Actually, MakerSlide would be ideal for most of my uses if it was kept as straight as an extruder can make it, it was hard anodized, and (this is the kicker) it was readily available all the time, cut to length, shipped the same day, with a large variety of plates, V wheels, bearings and eccentric mounting hardware. I think the biggest single issue keeping more people from using MakerSlide is... they can't get MakerSlide. Inventables is definitely working on it, but if their value is being a stocking distributor, they need to be a stocking distributor and stop having these pre-order lotteries. Kickstarter is great for unfunded inventors and entrepreneurs with a great idea to get funding from the community and gauge interest before investing a lot of money, but it's a lousy ongoing business model IMO.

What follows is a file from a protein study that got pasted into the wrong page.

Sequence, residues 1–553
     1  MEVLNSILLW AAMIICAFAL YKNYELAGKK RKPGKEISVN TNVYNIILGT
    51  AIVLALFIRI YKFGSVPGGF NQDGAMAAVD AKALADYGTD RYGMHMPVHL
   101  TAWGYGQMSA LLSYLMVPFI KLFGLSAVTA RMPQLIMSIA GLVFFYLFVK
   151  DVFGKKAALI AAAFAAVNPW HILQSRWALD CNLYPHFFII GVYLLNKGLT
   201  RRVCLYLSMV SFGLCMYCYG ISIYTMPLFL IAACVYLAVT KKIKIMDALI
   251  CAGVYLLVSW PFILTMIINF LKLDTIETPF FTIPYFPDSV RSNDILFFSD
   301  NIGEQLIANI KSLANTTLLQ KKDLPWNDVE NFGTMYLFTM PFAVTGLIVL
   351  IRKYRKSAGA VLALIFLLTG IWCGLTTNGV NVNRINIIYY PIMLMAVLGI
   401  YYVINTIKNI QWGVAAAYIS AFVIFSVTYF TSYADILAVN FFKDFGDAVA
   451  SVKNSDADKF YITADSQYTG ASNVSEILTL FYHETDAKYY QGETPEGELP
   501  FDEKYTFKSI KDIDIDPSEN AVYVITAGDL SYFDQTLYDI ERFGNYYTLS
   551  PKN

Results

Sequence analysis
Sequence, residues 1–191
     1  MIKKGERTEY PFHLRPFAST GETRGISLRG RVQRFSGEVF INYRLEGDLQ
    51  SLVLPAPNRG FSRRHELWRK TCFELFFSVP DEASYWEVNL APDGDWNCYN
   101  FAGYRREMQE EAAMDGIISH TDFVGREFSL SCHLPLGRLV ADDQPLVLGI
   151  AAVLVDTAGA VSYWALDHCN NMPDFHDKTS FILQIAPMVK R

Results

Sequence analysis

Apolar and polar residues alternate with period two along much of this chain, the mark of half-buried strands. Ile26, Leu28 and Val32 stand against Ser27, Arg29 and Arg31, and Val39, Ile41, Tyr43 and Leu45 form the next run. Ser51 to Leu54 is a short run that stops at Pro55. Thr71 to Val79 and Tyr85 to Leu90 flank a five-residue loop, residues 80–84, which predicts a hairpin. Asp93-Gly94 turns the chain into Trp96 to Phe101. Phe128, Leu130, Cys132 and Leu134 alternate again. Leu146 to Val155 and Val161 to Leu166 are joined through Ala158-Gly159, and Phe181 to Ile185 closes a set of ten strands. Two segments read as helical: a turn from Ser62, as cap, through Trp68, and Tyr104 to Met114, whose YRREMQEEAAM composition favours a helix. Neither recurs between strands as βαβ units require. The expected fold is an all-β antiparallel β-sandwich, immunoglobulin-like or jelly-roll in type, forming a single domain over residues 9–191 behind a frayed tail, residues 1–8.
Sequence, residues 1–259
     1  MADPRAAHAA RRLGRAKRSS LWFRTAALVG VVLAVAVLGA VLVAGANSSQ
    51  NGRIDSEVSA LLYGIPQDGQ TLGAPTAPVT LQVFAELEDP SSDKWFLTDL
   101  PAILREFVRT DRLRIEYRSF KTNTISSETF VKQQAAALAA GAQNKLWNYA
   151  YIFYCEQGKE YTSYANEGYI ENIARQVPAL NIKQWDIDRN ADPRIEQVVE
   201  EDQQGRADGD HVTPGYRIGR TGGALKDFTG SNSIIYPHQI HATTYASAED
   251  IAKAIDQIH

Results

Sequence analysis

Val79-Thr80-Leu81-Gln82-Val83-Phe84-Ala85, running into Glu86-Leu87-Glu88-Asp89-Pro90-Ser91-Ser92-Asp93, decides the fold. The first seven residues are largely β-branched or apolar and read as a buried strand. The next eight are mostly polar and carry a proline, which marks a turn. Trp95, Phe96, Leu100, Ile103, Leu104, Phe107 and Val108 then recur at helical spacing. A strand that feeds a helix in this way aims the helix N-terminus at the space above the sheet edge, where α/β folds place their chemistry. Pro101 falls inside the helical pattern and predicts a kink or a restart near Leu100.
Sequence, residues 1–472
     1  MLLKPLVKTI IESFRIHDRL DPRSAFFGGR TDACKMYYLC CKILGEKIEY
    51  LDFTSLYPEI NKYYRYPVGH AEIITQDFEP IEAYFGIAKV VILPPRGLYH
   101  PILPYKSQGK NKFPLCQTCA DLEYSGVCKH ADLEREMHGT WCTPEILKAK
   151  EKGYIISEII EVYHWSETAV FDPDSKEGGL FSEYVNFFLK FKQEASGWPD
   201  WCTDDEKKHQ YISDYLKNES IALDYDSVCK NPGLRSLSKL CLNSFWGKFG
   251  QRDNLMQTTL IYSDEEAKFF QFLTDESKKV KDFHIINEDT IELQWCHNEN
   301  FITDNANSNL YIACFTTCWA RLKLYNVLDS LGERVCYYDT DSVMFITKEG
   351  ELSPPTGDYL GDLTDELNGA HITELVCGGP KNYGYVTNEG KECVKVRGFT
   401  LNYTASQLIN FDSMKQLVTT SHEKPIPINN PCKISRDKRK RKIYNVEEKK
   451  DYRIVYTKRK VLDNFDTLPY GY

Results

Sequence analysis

Once MakerSlide takes off, offering versions in 40X40, 20X60, 20X80 and even 40X80 seems like a natural next step in the development. There are tons of applications where MakerSlide is accurate enough and the cost needs to be lower than THK and others can manage. Heck, the ease of design and assembly are huge benefits to MakerSlide as well. Kudos to Bart! And good luck to Inventables!
Apparently, I didn't build that! :-)